• Microgrids at military facilities that operate in complementary fashion interconnected to the utility grid and provide resiliency and energy security for all our customers by using diversified locations for firm generation.

A diverse, renewable portfolio

The energy plan update included detailed computer modeling of more than 130 different scenarios that could possibly meet the most aggressive energy goals in the country. The Companies' plan calls for partnering with customers and renewable energy developers to invest in a diverse mix of renewable energy resources. By 2045, the diverse mix of resources serving Oahu, Maui County, and Hawaii Island could include:

  • 1215 MW private rooftop solar energy
  • 36 MW feed-in-tariff solar energy
  • 872 MW utility-scale solar energy
  • 529 MW onshore wind energy
  • 800 MW offshore wind energy
  • 21 MW hydropower
  • 118 MW geothermal energy

Off-island resources, such as offshore wind and the use of an interisland cable, need to be studied further to better understand their respective risks and relative costs. While instructive for directional planning, this prediction of a renewable resource mix 30 years into the future is certain to evolve as the Companies adapt to take advantage of rapidly evolving technology, changing energy policy and pricing, and many other variables.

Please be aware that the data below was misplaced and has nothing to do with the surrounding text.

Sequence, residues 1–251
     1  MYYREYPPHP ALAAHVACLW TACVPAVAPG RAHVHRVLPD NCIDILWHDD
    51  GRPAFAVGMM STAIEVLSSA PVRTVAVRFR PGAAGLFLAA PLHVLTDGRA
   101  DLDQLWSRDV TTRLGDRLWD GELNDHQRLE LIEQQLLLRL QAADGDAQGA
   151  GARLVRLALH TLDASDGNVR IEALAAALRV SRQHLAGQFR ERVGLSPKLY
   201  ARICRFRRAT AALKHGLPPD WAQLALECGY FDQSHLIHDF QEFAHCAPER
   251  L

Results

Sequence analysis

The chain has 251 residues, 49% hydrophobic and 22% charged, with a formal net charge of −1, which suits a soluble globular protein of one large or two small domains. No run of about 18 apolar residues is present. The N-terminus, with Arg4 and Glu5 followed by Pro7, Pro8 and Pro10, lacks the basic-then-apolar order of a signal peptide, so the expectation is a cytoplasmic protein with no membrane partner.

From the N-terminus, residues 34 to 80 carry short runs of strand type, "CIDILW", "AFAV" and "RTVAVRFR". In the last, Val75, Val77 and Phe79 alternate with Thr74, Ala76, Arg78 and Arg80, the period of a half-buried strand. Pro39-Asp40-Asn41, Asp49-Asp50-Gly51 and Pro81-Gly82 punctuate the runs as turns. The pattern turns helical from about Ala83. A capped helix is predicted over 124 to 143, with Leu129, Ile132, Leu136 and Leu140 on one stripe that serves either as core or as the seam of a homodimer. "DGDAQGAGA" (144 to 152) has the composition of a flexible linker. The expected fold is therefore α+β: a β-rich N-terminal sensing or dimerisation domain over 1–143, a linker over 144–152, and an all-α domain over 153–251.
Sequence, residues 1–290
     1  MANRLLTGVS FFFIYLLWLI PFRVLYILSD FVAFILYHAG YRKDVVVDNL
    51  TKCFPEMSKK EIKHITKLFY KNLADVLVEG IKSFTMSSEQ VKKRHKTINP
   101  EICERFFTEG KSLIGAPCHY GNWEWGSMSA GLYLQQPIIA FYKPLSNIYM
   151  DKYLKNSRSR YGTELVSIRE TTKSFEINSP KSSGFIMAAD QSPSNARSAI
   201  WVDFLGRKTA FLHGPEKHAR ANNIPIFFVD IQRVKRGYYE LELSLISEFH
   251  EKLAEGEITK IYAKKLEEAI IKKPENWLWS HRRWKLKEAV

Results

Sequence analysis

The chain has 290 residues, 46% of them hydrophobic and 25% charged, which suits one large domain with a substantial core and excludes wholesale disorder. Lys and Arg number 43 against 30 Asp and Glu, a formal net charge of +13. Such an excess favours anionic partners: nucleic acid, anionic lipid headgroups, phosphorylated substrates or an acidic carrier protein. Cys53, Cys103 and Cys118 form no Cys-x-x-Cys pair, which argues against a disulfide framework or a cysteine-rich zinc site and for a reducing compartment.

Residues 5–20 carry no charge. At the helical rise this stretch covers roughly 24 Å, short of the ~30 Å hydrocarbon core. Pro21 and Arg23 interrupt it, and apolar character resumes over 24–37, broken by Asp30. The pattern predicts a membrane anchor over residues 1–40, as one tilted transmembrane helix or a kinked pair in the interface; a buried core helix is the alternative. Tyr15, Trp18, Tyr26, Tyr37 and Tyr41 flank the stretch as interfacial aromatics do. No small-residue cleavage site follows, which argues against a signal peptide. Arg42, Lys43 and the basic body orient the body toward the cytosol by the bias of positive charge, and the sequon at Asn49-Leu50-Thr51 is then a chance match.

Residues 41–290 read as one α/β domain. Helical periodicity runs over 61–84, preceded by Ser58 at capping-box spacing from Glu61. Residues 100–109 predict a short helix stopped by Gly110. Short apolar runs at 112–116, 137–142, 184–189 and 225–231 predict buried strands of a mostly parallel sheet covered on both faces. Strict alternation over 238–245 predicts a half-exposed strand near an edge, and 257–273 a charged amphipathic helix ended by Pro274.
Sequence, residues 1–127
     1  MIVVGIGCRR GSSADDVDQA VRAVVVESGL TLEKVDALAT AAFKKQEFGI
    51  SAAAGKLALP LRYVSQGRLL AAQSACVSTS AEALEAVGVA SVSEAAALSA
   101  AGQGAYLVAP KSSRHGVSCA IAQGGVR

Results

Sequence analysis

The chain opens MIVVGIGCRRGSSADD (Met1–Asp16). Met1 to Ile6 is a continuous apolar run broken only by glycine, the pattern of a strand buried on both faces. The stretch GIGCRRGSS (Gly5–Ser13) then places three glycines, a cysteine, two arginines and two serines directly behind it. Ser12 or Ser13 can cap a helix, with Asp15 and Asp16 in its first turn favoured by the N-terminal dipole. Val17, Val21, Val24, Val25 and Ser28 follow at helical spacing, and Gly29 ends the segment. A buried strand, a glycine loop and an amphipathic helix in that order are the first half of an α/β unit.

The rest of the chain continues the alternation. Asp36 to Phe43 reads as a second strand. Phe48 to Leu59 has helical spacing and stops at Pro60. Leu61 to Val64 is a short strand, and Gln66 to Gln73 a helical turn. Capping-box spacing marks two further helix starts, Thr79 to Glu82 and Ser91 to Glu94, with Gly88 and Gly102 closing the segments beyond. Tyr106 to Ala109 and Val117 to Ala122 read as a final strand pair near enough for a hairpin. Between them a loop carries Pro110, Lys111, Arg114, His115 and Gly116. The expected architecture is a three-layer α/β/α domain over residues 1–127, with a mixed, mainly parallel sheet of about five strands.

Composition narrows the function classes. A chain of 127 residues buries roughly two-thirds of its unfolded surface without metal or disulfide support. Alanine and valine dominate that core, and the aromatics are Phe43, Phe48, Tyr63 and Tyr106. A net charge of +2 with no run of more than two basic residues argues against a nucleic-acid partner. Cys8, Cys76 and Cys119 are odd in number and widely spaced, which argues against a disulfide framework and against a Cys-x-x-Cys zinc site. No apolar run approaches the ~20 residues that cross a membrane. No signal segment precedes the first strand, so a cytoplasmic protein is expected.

LNG coupled with modern generation as a cleaner, more reliable, and lower cost transition to 100 percent renewable energy 

Hawaiian Electric will shortly ask the PUC for approval of a contract to import liquefied natural gas (LNG) for electricity generation starting as soon as 2021 and ending by 2040. LNG would ultimately be phased out to achieve 100 percent renewable energy.

Natural gas, available and used widely for power generation around the world, is less volatile in price, much cleaner, and likely to remain cheaper than oil, especially as today's low oil prices rise as expected. Modern generators fueled with natural gas can provide the most cost-efficient and cleanest power needed while Hawaii moves to 100 percent renewable energy.